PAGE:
Until now, the strategic issue of Israel's nuclear ambiguity - the so-called "bomb in the basement" - has been kept squarely on the back burner. Today, however, time is quickly running out for the Jewish State, and Israel's new/old prime minister absolutely must reconsider this burning issue. From the standpoint of urgency, of course, the immediate problem is Iran.
A few years ago I began an initiative at the Israeli Foreign Ministry aimed at opening a dialogue with Muslim communities in the West. When the first delegations of European and American Muslims started to arrive, they were amazed at the coexistence between Arabs and Jews in Israel.
Last year I spent part of Pesach in the oddest of places. I had been in the office of Kesher Israel Congregation of Harrisburg, Pennsylvania late one afternoon before Pesach when the phone rang. It was a chaplain (not Jewish) from Lewisburg Federal Penitentiary. They had just received some new Jewish prisoners and were scrambling to meet their Pesach needs.
For a country that has fought for thirty years over the question of a woman's right to choose, we seem to all agree that once a child is born parents have no choice. They are not allowed to send their children to the school they prefer without incurring backbreaking financial penalties.
In the aftermath of the forcible evacuation of thousands of Jewish settlers from Gush Katif in 2005, legal protection for settlers and right-wing activists in Israel was virtually non-existent. Meanwhile, legal organizations dedicated to the defense of basic rights for Arabs and left-wing Jews were thriving.
In the wake of another upsurge in activity and publicity surrounding Gilad Shalit, it bears remembering that there are compelling reasons for the Israeli government to think twice before agreeing to release hundreds of terrorists for his safe and overdue return.
Pour out Thy wrath upon the nations that know Thee not and upon the kingdoms that call not upon Thy name; for they have consumed Jacob and laid waste his dwelling. Pour out Thy fury upon them, and may the kindling of Thine anger overtake them. Pursue them with anger and destroy them from under God’s skies.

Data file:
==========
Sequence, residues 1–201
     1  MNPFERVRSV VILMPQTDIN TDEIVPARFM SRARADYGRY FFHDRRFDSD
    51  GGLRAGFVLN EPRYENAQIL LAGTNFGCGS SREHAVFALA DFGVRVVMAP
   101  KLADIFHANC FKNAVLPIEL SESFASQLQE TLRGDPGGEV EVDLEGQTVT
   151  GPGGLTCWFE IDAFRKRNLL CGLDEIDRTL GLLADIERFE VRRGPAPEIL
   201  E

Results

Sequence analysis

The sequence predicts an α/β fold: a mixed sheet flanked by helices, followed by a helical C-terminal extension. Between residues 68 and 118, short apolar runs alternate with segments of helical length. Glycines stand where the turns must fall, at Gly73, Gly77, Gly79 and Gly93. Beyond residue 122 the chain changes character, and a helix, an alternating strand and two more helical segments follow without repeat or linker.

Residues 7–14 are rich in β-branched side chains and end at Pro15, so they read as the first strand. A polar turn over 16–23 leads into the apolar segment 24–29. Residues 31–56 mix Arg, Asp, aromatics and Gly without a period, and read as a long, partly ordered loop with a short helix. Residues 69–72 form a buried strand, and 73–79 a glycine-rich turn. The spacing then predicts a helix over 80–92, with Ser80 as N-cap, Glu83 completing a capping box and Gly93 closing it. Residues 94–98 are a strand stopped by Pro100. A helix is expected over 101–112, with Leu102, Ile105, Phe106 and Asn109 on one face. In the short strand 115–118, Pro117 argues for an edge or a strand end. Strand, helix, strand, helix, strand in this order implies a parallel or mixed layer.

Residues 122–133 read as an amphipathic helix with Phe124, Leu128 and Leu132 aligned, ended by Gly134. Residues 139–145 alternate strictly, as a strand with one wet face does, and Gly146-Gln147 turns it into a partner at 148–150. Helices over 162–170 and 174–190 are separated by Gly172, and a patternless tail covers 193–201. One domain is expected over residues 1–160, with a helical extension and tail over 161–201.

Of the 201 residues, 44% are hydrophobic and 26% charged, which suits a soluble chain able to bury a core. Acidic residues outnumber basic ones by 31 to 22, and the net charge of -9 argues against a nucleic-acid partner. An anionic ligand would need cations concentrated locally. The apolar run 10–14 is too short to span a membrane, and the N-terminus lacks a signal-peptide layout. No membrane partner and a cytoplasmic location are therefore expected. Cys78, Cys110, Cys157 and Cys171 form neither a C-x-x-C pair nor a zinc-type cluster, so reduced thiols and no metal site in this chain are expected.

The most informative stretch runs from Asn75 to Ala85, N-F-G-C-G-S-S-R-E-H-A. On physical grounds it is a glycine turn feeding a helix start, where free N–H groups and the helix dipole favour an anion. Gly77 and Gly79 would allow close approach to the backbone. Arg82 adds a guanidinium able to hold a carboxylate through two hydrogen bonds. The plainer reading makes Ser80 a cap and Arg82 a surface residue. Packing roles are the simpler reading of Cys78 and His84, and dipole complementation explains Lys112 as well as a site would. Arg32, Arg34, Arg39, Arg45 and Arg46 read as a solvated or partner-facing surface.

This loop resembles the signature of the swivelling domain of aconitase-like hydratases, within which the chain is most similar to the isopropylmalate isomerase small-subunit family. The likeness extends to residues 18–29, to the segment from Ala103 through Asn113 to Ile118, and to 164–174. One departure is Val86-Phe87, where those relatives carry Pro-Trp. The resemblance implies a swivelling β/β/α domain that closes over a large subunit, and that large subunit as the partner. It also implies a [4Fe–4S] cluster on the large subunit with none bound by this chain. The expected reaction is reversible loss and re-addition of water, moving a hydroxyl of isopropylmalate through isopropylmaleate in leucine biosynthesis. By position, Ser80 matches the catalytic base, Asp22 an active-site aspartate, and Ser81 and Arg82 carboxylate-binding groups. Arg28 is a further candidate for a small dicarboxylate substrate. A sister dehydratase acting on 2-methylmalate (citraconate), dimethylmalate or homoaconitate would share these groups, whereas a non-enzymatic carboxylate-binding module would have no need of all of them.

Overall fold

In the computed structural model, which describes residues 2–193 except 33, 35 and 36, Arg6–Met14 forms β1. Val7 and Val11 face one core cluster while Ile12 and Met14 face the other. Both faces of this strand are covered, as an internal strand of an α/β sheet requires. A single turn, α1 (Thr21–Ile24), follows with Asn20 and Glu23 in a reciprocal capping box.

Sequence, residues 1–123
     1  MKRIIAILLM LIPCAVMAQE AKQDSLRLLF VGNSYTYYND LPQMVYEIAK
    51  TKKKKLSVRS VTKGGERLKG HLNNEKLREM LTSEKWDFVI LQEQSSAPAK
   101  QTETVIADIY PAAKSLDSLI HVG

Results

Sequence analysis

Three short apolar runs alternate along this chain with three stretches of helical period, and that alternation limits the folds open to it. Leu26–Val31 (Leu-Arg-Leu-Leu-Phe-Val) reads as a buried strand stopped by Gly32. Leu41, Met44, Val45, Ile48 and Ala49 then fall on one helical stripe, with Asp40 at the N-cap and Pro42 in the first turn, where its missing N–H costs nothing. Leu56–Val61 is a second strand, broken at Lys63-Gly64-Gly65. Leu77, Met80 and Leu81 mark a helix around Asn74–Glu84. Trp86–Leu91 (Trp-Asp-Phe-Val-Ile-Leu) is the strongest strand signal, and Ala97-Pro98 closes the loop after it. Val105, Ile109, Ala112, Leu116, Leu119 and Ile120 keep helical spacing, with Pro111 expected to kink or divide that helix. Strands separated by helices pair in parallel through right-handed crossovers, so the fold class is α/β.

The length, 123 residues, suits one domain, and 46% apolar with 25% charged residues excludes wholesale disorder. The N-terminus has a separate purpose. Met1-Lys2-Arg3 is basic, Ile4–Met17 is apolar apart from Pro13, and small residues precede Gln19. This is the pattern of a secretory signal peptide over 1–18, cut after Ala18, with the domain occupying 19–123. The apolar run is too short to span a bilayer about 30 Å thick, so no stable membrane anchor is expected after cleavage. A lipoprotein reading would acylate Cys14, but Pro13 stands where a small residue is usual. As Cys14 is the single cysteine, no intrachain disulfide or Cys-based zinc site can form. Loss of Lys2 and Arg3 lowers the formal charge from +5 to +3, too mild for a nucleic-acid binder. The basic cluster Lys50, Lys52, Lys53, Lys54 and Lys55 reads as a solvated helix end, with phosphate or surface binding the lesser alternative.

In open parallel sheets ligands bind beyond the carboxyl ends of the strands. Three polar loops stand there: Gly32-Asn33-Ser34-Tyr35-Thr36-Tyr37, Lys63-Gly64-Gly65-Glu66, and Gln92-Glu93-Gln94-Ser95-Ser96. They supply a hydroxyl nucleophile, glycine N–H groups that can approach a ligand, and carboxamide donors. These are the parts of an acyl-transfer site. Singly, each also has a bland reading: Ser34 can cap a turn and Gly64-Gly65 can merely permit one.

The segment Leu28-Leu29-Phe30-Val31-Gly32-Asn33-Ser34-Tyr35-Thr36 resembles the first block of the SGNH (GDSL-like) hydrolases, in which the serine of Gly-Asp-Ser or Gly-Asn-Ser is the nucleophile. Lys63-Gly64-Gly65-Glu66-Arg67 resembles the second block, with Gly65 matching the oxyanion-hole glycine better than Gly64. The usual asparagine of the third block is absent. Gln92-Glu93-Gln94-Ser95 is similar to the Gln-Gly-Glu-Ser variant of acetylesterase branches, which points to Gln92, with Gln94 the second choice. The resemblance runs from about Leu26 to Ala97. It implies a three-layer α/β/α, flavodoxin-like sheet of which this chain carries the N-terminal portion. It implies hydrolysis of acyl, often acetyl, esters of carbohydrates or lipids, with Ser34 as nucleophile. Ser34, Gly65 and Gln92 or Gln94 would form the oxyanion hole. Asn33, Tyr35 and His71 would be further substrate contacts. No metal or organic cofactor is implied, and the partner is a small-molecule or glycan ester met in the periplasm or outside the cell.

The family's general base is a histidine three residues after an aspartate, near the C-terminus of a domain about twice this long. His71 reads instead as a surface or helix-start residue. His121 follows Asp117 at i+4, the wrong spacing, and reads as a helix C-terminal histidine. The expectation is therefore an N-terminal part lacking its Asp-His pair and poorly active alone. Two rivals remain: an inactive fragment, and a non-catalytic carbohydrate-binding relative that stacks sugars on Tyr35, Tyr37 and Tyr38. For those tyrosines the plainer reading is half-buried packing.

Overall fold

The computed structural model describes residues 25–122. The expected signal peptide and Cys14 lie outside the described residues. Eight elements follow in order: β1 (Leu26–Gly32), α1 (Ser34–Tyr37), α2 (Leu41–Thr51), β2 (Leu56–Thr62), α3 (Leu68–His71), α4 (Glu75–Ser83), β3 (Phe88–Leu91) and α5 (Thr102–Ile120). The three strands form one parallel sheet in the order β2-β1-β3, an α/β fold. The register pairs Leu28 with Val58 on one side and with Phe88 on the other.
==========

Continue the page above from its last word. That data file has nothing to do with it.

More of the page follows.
Who can forget the Danish cartoon controversy ignited by an image of a wild-eyed Muhammad with a lighted dynamite stick protruding from his turban? Even those who decried the global overreaction – cynically exploited by Mideast demagogues whose stock-and-trade is defaming Christians and Jews – understood why decent Muslims of all stripes were offended.
Passover is a festival of freedom, chag hageulah, when we remember our deliverance from slavery in Egypt. For my father, Chaskel Tydor, Passover was also a reminder of the slavery he experienced during his lifetime – of his five and a half years in the Nazi camps of Buchenwald and Auschwitz.
Credo quia absurdum. "I believe because it is absurd." How, then, shall we Jews survive in such a distorted and meshugana world, both as individuals, and as the always-fragile Jewish State? In our collective form, shall we truly "Seek peace, and pursue it," when our enemies' brand of "sanity" lies relentlessly in genocide and war? Or should we just reluctantly resign ourselves to ceaseless conflict as the unavoidable expression of sanity in an undeniably insane world?
It would be fair to say that the recent demonstrations in cities around the world during which Israel was likened to Nazi Germany, and Israeli soldiers to Nazi storm troopers, created a fair amount of angst among an appreciable number of Jews. But as this is hardly a new phenomenon, the surprise really lies in why so many Jews continue to be surprised.
“People need money in their pockets to spend. That’ll get our economy going again.” -- David Axelrod, senior adviser to President Obama Drastic situations require drastic measures. Thus, to reach Axelrod’s necessary goal, we need to end Social Security as we know it.